Cement Grim Reaper

6 Materials
1 Hour

This weeks project is a cement grim reaper that has been cast using cement and an old towel. I chose the grim reaper because Halloween is just around the corner and people will be looking for new Halloween Decor.

This method of using cement and a towel to cast is great for the Halloween grim reaper but there are other projects you can do.

I used a spindle as the main support but any 2 x 4 piece of wood will work. You will also need some chicken wire to make the shape and a bag of skeleton bones. I bought a bag a few years ago from a budget store for less than $10 and reuse them each year to create new projects. If you missed last years project I created a Halloween flower arrangement. For the base of the stand, you will need a heavy chunk of wood to support the weight of the cement grim reaper.

Start by drilling a hole in the base and slightly countersink the hole so the base is stable once the screw is inserted. Next, predrill a hole into the spindle, then screw the spindle to the base from below. You can also add some wood glue for extra support.

The idea is to have the head attached to the top of the spindle. To achieve this, I cut an X shape into the bottom of the skull and pushed it down onto the spindle.

Making the grim reaper shape

I used some chicken wire to make the shape of the shoulder for the towel to be draped over. The “Arms” were created using scraps of wood that I screwed into the spindle.

Making the grim reaper cloak

I mixed some cement with water and mixed it until I got a running consistency. To protect the skull from the cement I added some saran wrap around the skull before draping the cloak.

I pushed the dry towel down into the cement and realized straight away that was a mistake. The towel just sucked up all the fluid and the cement did not stick. I would recommend wetting the towel before putting it into the cement mixture, which I did after the fact.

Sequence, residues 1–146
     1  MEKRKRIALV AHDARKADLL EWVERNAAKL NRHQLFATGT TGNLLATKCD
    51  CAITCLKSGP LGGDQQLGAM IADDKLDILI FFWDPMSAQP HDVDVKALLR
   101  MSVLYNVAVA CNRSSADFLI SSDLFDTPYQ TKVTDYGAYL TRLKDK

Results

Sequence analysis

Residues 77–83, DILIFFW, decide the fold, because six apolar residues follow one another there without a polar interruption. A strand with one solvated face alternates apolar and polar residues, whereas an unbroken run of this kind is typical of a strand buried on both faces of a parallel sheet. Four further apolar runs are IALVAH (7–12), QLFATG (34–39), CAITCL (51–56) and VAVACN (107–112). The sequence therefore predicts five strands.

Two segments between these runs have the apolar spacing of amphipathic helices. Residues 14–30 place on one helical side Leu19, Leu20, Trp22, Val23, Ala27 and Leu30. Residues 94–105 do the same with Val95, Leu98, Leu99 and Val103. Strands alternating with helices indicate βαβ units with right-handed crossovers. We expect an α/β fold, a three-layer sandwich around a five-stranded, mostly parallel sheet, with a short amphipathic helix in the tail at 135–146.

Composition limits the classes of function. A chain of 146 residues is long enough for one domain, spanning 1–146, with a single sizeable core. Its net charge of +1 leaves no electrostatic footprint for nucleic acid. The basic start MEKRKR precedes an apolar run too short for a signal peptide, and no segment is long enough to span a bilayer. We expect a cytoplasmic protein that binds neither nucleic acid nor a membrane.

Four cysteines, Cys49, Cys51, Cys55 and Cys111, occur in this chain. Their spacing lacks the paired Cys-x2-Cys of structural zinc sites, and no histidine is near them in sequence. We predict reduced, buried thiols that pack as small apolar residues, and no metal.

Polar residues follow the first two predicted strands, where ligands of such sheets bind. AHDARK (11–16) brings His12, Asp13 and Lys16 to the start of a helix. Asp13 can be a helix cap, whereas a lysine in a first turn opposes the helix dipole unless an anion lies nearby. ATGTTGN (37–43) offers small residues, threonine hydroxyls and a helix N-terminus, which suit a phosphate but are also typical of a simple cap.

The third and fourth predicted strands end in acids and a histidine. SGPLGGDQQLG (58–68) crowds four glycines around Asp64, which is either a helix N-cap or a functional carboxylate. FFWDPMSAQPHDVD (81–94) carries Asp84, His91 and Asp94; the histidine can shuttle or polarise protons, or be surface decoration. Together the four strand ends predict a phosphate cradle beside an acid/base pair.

I would also recommend protecting the floor and stand from the cement drips with plastic or scrap fabric. Once the towel has been completely covered in the cement you drape it over the form and shape the cloak as desired.

You will need to leave the cement to dry overnight. I had all intentions of painting another layer of cement over the cloak the next day to make it stronger, but mine was solid. If your cloak still has any movement you can make up another batch of cement and paint it over the surface with a paintbrush. I wanted the cloak to be away from the face, so I used items I found around my shed to hold the cloak in place while it dried. These were removed before the cement was totally set, I was afraid I would not get them out otherwise.

Painting the cement

Painting the cement was not as easy as I thought it would be. I used black spray paint and had to apply about 4 coats to the surface. The cement seemed to absorb the black colour and the grey colour kept coming through. I painted the stand black to blend in with the grim reaper. Once the paint was dry I removed the plastic from the skull.

Adding the hands and feet

I used the hands and feet that came in the bag of bones and attached them to the grim reaper using hot glue. To make the bones look a bit old and worn you can paint them black and wipe off the excess. The black will stay in the grooves giving the hands that dirty look. To finish the look you can add some accessories like the pumpkin and the trick or treat sign.

Creepy Halloween mirror

Halloween decorated wine bottles.

Suggested materials:
  • Old towel   (Recycled)
  • Cement   (Hardware store)
  • Bag of bones   (Budget store/Amazon)
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Unique Creations By Anita
Want more details about this and other DIY projects? Check out my blog post!
Frequently asked questions
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  • Stephie McCarthy Stephie McCarthy on Sep 28, 2021

    Hello, all. I'm wondering if I can use 'Rapid Set CementAll'. Do you know if that will work for stiffening fabric for outdoor yard art? I've never done this type of craft before but I'm thinking that I need a product without aggregate and that can be thinned down and painted as well. I can get the 'flow and set 'control additives locally too so that it doesn't harden too rapidly. I do NOT want to mix my own cement and am hoping to get a ready mix to start with. Thanks!

  • Kara Donoghue Kara Donoghue on Aug 30, 2022

    How heavy was this Ghoul after it dried? How do you store it?

  • Charitamales Charitamales on Sep 01, 2022

    I was thinking maybe add paint or concrete color to color the concrete mix?

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